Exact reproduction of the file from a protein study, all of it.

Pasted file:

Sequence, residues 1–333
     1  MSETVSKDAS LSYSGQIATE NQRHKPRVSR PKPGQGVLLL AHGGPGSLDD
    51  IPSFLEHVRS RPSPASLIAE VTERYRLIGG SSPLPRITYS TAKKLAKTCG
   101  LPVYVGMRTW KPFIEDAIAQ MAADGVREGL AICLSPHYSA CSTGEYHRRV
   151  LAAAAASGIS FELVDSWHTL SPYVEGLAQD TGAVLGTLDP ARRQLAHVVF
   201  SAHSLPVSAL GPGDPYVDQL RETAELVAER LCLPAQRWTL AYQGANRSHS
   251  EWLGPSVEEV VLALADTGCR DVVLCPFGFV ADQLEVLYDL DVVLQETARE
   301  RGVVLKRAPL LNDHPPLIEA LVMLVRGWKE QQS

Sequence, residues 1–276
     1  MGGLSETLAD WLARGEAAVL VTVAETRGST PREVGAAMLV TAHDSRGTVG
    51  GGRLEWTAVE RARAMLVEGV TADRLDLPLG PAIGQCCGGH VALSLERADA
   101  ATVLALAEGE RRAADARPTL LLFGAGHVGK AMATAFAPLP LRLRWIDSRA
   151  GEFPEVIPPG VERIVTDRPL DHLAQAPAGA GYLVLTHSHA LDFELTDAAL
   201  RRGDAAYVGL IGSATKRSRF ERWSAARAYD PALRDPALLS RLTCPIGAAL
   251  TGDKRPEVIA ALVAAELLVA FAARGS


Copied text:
Sequence, residues 1–333
     1  MSETVSKDAS LSYSGQIATE NQRHKPRVSR PKPGQGVLLL AHGGPGSLDD
    51  IPSFLEHVRS RPSPASLIAE VTERYRLIGG SSPLPRITYS TAKKLAKTCG
   101  LPVYVGMRTW KPFIEDAIAQ MAADGVREGL AICLSPHYSA CSTGEYHRRV
   151  LAAAAASGIS FELVDSWHTL SPYVEGLAQD TGAVLGTLDP ARRQLAHVVF
   201  SAHSLPVSAL GPGDPYVDQL RETAELVAER LCLPAQRWTL AYQGANRSHS
   251  EWLGPSVEEV VLALADTGCR DVVLCPFGFV ADQLEVLYDL DVVLQETARE
   301  RGVVLKRAPL LNDHPPLIEA LVMLVRGWKE QQS

Sequence, residues 1–276
     1  MGGLSETLAD WLARGEAAVL VTVAETRGST PREVGAAMLV TAHDSRGTVG
    51  GGRLEWTAVE RARAMLVEGV TADRLDLPLG PAIGQCCGGH VALSLERADA
   101  ATVLALAEGE RRAADARPTL LLFGAGHVGK AMATAFAPLP LRLRWIDSRA
   151  GEFPEVIPPG VERIVTDRPL DHLAQAPAGA GYLVLTHSHA LDFELTDAAL
   201  RRGDAAYVGL IGSATKRSRF ERWSAARAYD PALRDPALLS RLTCPIGAAL
   251  TGDKRPEVIA ALVAAELLVA FAARGS